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Re: http_url_post with http_url_encoder_getptr

Hello Antonio,

The problem is not with http_url_encoder_getptr().  the getptr() routine 
returns strings much longer than 256 characters.

HOWEVER, I see that you're using http_url_encoder_addvar_s().  This 
routine is limited to 256 characters of data per variable.  The "_s" at 
the end means that it's the "simplified" version of another 
subprocedure....  The reason I made a simplified version is to make it 
easy to use, at the expense of flexibility.

Basically, http_url_encoder_addvar_s() is a little easier to use, but it's 
limited to 256 characters.  By contrast, http_url_encoder_addvar() handles 
unlimited size variables, but is a little more complicated to use.

Here's the code you sent:

> C                   eval      tipo = 'MRO' 
> C                   eval      Enc = http_url_encoder_new 
> c                   callp     http_url_encoder_addvar_s( Enc 
> c                                                      : 'xmlString' 
> c                                                      : Xdoc )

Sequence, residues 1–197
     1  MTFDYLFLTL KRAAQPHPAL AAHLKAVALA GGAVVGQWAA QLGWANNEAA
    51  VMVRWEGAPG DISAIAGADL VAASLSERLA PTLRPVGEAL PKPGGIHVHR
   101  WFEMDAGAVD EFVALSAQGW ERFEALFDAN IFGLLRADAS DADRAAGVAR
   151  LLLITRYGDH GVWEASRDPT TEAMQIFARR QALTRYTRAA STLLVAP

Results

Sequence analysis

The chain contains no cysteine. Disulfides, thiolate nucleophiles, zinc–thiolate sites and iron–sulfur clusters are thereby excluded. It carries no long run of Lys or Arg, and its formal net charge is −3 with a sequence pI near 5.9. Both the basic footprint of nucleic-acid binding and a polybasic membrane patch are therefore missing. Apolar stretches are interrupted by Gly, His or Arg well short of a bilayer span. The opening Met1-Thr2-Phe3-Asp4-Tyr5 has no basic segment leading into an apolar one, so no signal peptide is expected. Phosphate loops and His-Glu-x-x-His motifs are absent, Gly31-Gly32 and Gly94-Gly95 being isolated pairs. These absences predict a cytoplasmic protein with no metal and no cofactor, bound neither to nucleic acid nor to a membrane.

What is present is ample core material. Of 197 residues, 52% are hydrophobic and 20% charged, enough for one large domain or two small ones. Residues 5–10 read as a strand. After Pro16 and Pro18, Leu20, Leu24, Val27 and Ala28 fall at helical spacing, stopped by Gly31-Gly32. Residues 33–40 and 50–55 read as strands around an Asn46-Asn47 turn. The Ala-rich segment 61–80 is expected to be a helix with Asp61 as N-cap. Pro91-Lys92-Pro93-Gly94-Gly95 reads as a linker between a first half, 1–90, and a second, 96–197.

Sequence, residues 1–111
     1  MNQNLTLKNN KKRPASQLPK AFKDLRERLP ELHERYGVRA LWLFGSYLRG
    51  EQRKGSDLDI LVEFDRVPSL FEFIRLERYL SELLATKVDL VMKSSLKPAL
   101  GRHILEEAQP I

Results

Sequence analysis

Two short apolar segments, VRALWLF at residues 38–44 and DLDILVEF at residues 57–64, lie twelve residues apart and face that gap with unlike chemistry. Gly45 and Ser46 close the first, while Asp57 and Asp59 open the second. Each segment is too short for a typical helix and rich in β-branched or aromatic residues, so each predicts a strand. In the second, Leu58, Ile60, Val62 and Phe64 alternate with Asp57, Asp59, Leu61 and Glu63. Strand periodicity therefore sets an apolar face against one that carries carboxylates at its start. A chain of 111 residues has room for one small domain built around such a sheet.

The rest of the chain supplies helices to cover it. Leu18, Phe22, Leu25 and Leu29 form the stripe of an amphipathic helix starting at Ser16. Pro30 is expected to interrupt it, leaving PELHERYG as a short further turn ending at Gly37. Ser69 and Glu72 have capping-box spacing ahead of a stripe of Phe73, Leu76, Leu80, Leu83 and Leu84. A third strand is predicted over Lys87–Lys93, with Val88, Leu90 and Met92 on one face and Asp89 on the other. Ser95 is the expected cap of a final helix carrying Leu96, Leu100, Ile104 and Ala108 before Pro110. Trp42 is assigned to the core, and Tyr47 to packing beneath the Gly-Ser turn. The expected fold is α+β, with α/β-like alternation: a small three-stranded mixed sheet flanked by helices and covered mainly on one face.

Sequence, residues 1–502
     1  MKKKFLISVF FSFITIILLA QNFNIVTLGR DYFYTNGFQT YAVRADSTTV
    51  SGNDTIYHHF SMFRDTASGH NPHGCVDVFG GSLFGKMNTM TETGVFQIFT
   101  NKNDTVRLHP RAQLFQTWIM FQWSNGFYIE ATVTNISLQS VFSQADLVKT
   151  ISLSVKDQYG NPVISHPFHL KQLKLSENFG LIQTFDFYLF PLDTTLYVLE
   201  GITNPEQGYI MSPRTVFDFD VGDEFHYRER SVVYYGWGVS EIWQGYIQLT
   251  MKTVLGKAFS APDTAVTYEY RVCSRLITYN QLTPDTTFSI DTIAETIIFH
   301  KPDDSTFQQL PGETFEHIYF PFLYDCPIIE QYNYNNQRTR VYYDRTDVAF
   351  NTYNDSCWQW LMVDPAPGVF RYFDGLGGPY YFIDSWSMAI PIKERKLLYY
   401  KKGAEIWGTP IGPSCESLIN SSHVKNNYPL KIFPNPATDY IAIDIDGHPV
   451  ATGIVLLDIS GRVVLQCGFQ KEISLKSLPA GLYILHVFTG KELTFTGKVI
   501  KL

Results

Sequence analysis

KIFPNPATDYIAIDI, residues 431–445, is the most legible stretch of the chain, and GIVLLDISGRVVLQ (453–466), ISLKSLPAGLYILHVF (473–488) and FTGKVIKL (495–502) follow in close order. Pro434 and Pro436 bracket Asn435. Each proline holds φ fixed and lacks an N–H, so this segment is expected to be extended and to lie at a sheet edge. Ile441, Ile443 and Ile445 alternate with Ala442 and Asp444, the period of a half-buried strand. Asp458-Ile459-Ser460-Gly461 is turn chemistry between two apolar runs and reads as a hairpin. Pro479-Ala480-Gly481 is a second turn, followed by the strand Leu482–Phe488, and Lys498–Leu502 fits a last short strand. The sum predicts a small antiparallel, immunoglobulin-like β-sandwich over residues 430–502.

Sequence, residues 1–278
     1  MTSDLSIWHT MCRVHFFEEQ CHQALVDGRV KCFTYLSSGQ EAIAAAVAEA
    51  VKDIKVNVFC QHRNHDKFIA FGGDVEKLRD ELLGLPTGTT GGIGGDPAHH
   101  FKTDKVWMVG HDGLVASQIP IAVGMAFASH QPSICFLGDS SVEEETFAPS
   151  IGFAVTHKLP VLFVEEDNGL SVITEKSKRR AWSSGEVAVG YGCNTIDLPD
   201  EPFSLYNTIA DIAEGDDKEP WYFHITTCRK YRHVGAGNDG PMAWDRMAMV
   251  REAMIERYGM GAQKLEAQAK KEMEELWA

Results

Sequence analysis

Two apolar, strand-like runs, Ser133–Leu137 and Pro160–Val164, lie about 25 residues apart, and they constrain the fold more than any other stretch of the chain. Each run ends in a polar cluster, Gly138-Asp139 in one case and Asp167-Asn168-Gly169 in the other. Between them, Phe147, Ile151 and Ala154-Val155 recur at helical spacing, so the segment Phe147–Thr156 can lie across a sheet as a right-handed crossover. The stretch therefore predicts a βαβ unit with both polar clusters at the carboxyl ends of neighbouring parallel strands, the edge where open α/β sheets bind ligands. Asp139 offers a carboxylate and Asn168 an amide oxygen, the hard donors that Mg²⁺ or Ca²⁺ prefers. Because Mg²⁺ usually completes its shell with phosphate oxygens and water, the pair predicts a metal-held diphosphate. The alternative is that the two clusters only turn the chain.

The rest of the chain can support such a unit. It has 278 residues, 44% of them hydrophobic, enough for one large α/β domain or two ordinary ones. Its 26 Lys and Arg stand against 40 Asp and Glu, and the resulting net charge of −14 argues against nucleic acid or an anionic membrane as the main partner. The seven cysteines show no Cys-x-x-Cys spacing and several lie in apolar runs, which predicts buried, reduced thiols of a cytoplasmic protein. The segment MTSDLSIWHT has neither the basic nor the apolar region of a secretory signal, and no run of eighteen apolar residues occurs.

> c                   callp     http_url_encoder_addvar_s( Enc 
> c                                                      : 'type' 
> c                                                      : Tipo )

The problem with this code is that the "Xdoc" variable can be as large as 
32k, but the addvar_s() procedure only lets you use 256.

The solution is to use http_url_encoder_addvar() instead.  Try using the 
following code for the Xdoc variable:

c         callp     http_url_encoder_addvar( Enc 
c                                          : 'xmlString' 
c                                          : %addr(Xdoc)
c                                          : %len(%trimr(Xdoc)))

You can still use addvar_s() for the "tipo" variable, since that variable 
is less than 256 bytes, it won't matter.

Also note that using http_url_encoder_addvar() lets you specify any 
pointer you like, in this case I passed the address of the Xdoc variable 
so that it'll read directly from that variable -- but if you wanted, you 
could pass a pointer to dynamically allocated memory, or to a user space, 
and you'd be able to encode data that's much larger than RPG's 64k 

Hope that helps...
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